PROJECT: Changing climate and the winter foraging behaviour of Antarctic fur seal populations
RESEARCHER: LEA, Mary-Anne, Ben Arthur (PhD student)
LOCATION: Three circumpolar breeding sites
Until recently little was known about the habitat use and foraging (feeding) ecology of the female Antarctic fur seal (Arctocephalus gazella) during the extreme climate experienced in the Southern Ocean winter.
To fill these gaps researchers tracked the winter movements of 186 fur seals between 2008 and 2013, with a further 20 tracked in 2014 at sub-Antarctic Marion Island. Such a large coordinated study greatly increased their ability to tackle larger questions surrounding climatic change and associated influences on higher trophic levels in the Southern Ocean ecosystem.
The majority of Antarctic fur seal studied show strong loyalty to open-ocean feeding sites, consistently returning to certain parts of the Southern Ocean to search for food over multiple years. These areas of consistent use are characterized by high levels of variability in physical parameters such as ocean temperature.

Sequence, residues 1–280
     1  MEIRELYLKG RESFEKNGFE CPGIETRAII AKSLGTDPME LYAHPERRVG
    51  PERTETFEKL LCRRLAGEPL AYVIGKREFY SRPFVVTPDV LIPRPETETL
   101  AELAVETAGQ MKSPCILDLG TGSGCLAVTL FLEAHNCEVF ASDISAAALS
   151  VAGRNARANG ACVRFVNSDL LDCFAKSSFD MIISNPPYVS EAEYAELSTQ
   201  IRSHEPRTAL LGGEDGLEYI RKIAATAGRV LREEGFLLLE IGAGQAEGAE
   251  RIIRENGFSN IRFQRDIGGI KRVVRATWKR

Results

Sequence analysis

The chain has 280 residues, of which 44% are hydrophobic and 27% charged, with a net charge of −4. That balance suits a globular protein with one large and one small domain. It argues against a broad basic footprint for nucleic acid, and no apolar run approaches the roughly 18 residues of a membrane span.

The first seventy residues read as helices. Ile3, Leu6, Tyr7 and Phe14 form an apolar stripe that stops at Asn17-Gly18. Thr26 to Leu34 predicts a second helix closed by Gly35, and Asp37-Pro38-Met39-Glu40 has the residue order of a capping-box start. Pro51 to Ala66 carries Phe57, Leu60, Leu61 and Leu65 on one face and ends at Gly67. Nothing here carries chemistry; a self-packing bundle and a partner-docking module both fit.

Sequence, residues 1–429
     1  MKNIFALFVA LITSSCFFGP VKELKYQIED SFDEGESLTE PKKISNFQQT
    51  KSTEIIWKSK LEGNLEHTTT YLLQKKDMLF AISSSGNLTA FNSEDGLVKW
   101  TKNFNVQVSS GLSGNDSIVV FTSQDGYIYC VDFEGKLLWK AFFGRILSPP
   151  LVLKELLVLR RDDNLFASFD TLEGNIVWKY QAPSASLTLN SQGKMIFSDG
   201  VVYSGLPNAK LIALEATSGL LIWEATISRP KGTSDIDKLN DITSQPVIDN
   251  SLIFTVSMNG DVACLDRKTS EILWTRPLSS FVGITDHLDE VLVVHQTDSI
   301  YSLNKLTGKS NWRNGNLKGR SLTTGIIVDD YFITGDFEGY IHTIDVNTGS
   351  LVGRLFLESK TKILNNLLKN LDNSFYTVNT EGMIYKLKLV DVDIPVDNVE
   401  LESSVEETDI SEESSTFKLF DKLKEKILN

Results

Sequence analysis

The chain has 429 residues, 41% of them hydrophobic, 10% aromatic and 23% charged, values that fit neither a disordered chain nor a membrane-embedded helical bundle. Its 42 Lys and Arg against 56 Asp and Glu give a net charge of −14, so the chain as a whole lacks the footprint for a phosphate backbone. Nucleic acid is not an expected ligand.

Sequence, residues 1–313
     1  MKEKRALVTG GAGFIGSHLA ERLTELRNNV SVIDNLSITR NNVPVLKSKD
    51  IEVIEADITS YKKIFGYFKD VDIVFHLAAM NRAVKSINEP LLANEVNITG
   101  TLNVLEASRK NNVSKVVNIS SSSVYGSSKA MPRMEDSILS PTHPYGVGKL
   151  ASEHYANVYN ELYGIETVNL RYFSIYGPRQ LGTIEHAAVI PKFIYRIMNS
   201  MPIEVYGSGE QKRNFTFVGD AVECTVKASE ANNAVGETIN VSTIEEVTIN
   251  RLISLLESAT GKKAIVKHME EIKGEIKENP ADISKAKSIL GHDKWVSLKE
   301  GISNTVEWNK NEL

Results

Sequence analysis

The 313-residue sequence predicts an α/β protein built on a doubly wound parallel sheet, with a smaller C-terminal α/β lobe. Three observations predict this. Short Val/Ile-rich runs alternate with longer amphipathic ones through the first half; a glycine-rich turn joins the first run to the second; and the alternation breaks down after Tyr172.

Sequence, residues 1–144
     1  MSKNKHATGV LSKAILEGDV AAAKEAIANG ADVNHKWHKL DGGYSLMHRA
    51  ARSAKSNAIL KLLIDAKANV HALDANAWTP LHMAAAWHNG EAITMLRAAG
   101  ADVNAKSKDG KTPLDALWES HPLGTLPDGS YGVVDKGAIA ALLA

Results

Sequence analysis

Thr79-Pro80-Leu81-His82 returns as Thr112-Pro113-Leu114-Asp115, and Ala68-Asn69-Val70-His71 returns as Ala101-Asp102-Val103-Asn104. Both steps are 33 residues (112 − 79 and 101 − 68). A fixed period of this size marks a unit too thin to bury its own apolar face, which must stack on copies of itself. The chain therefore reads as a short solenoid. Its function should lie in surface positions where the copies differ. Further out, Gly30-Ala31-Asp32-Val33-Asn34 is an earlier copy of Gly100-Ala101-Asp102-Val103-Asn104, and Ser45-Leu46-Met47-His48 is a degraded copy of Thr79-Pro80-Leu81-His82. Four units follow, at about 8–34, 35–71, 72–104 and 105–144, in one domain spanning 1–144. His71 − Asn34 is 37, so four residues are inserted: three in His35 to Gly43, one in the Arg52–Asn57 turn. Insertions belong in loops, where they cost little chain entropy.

Such high levels of site fidelity raise questions about the ability of long-lived individuals to respond to future environmental change.
Seals exhibited two main foraging strategies:
- Local foraging and remaining North of the Polar Front typically with deeper and longer dives and an increased foraging effort.
- Foraging further afield, South of the Polar Front, with short, shallow dives and a reduced foraging effort. This reduced foraging effort potentially offsets the energetic costs for those animals investing in a long-distance trip South.
This is the first investigation into the winter diving behavior of Antarctic fur seals. Further analysis of dive and track data will enable the development of a spatial foraging index for Antarctic fur seals in winter that will be used to model changes to foraging habitat under various climate scenarios.
Forage: Search for food
Site fidelity: loyalty to a particular location
Trophic level: the position an animal holds in the food chain